Objections filed

Get your objections filed too

Wednesday saw the protest at City Chambers where the Save Leith Walk campaign intended to hand in their petition; objecting to the proposed demolition and redevelopment of Stead’s Place.

Getting objections filed from over 10,000 signatories didn’t go quite as-planned. It still worked out well in terms of publicity, giving the press a photo-op allowing them to run more coverage on the campaign.

The story even made The National as the petition jumped up to 12,000 signatories.

At the moment we have been collecting the signatures on a petition to stop the demolition at 106 to 154 Leith Walk. We have 12,200 signatures on the petition collected week after week, March through to August.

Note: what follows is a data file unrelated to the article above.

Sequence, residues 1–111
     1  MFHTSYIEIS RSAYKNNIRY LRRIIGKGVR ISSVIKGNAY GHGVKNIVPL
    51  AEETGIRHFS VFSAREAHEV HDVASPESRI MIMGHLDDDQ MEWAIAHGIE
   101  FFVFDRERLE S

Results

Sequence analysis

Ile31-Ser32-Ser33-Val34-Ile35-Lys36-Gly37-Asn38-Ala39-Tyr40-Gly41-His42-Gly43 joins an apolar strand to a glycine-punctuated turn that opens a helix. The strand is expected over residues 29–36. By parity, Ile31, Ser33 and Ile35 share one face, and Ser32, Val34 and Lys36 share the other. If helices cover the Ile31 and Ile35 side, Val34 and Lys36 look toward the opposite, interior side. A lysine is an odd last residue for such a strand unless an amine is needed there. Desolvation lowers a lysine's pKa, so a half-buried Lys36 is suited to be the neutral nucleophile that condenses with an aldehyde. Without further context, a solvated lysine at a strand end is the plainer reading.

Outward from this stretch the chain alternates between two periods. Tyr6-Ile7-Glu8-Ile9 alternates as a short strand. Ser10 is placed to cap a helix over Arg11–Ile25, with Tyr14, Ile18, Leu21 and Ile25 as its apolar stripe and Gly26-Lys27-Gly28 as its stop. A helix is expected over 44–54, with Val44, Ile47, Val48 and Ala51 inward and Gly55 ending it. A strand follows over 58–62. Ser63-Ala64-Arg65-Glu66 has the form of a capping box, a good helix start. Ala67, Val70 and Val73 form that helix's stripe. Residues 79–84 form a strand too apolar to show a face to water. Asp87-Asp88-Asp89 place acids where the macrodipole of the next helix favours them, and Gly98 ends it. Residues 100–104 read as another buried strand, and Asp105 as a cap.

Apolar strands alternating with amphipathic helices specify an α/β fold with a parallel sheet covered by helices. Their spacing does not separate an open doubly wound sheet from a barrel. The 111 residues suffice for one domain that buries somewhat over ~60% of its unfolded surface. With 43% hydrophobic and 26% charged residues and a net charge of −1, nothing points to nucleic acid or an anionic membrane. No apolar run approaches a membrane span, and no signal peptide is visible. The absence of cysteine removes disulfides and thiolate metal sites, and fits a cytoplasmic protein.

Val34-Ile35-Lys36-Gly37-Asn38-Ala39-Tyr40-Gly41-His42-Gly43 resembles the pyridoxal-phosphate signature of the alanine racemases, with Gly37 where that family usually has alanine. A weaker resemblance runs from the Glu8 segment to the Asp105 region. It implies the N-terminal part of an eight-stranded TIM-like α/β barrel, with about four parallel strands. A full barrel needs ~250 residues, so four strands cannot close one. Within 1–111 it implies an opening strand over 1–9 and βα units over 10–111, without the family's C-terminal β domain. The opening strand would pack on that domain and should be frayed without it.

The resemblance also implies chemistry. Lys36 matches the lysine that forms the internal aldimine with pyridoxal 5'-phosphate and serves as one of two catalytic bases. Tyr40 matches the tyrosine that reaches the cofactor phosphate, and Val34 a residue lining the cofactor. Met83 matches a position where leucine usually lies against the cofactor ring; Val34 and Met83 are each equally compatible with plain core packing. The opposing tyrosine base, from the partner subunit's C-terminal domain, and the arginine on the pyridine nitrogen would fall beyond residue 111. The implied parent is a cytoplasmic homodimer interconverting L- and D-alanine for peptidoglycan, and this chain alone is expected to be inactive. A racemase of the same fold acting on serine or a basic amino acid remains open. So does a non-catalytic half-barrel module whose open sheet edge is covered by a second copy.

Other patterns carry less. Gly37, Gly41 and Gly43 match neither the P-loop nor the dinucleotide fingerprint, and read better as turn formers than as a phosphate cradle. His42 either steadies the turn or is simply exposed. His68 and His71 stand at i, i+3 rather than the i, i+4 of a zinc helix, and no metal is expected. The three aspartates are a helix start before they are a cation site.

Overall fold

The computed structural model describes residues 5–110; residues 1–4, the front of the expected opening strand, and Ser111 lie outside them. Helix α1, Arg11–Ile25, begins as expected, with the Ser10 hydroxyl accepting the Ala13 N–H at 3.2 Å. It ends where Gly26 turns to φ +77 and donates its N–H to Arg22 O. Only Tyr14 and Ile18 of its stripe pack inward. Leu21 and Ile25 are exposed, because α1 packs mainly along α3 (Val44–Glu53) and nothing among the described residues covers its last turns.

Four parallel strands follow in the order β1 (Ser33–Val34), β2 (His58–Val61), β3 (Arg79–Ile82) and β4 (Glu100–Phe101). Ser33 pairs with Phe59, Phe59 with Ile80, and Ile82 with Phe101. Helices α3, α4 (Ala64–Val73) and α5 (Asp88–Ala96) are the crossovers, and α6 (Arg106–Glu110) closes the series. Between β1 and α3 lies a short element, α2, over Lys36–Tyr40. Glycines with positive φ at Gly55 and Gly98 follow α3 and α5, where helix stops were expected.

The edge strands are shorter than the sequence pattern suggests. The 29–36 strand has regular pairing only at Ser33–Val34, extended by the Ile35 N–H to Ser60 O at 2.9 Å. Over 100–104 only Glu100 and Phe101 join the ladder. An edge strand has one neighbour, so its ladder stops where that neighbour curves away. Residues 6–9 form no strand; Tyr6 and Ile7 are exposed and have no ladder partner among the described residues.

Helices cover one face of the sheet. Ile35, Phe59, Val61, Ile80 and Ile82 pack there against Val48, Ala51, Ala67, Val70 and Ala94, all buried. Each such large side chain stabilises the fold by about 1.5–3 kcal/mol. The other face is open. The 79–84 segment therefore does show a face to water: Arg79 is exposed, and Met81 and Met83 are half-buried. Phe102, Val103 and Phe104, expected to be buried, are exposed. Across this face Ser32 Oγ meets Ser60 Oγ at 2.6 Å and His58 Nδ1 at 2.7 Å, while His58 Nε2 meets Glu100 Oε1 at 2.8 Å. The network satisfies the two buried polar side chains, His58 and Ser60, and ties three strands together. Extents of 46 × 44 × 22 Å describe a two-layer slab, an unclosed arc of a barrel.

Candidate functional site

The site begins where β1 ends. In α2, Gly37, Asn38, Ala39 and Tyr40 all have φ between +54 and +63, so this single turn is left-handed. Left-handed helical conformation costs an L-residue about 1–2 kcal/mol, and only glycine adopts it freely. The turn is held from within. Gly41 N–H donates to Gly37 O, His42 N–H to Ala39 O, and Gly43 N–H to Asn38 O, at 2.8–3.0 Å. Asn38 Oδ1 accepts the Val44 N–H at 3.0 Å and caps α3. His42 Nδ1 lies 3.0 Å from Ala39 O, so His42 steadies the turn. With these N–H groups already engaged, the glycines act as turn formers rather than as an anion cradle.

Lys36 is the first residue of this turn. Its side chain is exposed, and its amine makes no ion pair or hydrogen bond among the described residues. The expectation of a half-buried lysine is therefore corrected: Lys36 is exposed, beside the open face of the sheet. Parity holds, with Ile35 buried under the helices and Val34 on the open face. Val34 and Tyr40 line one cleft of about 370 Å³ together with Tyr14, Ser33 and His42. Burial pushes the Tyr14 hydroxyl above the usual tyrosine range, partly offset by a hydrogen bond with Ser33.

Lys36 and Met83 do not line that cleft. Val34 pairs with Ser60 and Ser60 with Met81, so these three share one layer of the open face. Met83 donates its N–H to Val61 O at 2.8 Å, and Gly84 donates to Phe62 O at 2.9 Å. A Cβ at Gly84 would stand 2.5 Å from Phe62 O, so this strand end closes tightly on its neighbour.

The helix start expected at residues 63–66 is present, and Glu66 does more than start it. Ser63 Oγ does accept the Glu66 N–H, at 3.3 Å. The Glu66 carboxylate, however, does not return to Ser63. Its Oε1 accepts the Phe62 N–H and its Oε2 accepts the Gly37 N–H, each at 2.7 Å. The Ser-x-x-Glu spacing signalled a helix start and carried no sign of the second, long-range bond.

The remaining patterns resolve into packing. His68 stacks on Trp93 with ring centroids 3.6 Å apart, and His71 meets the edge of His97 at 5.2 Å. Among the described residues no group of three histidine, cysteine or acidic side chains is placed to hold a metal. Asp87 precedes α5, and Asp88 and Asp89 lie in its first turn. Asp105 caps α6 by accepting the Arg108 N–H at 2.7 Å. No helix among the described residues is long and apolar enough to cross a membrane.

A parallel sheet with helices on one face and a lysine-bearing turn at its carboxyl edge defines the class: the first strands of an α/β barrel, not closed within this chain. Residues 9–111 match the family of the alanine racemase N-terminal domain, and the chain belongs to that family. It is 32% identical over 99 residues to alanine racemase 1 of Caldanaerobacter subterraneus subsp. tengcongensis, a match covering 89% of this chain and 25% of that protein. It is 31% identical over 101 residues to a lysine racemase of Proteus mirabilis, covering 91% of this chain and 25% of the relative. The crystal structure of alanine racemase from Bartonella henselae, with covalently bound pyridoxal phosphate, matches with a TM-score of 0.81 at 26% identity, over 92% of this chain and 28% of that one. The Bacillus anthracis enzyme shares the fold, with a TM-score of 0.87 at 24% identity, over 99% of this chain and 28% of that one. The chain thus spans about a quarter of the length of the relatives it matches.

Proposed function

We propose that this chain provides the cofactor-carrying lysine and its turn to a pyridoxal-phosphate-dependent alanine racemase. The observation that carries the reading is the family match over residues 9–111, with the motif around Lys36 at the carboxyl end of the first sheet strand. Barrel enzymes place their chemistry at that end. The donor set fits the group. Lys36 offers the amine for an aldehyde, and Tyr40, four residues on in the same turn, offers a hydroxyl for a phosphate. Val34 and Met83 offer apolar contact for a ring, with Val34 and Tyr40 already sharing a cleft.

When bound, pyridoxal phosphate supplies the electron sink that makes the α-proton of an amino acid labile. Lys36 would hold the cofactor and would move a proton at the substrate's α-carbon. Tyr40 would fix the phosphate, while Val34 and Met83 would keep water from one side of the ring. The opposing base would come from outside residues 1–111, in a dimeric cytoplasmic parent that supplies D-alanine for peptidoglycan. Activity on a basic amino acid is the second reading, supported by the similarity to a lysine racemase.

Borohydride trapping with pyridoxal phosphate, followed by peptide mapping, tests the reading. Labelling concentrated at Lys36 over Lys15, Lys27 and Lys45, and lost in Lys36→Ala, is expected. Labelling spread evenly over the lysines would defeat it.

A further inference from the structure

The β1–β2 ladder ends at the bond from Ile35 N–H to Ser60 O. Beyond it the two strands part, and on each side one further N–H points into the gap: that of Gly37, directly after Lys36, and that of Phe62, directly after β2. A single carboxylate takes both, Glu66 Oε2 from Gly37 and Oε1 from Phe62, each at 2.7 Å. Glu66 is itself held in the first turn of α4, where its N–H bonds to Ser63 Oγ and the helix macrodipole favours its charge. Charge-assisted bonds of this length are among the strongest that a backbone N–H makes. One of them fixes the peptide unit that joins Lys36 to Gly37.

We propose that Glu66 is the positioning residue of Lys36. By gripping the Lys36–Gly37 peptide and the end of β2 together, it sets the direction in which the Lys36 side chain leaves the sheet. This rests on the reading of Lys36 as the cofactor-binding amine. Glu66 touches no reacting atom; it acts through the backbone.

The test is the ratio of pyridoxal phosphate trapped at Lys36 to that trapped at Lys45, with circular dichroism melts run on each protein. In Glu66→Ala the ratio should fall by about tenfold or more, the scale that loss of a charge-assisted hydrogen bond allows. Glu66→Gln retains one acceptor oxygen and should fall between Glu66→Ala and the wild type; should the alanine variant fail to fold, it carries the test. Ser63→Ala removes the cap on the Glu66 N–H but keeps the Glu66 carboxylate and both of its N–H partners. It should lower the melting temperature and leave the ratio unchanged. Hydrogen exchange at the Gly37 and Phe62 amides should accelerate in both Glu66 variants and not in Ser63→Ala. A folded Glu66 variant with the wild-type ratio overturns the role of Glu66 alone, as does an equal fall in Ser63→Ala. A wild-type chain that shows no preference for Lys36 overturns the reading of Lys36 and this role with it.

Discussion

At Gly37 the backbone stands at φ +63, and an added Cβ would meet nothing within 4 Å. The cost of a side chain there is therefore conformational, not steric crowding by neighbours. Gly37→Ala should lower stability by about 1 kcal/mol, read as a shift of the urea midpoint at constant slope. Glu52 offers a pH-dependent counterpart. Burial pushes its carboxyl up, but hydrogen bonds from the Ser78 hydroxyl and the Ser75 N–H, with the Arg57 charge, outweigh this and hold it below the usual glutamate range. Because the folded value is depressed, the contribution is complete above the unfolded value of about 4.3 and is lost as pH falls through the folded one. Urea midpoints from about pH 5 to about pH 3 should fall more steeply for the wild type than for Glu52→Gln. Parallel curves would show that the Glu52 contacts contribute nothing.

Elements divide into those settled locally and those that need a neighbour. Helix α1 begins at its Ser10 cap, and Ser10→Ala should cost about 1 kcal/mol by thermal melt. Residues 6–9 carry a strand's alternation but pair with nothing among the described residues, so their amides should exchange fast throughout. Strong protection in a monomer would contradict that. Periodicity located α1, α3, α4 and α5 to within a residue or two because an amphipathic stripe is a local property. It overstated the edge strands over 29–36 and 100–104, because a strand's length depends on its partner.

Similar processes have taken place across Edinburgh in relation to other threats to treasured buildings.
We feel the policies of the Planning Department do not adequately reflect the wishes of communities in respect to treasured buildings.

Ian Hood Quoted by The National

A few observations

I couldn’t hang around long since I planned to catch a friend performing up the road at 1:15pm. I did overhear a few interesting remarks. Since protesters were assembling at lunchtime quite a few council employees were coming and going.

I overheard one woman ask a colleague what was happening on Leith Walk. The unheard response elicited a deeply disappointed, “You’re joking, I love that place!” The pair were returning from lunch, so I’m sure the topic came up again inside and with a wider circle of colleagues.

Another council employee, taking a smoke break, asked me a little about the protest, planning applications, and objection process. He asked if I’d mind sharing my objections.

Instead, I opted to encourage him to look at saveleithwalk.org. I cribbed heavily from their list in putting together my detailed objection.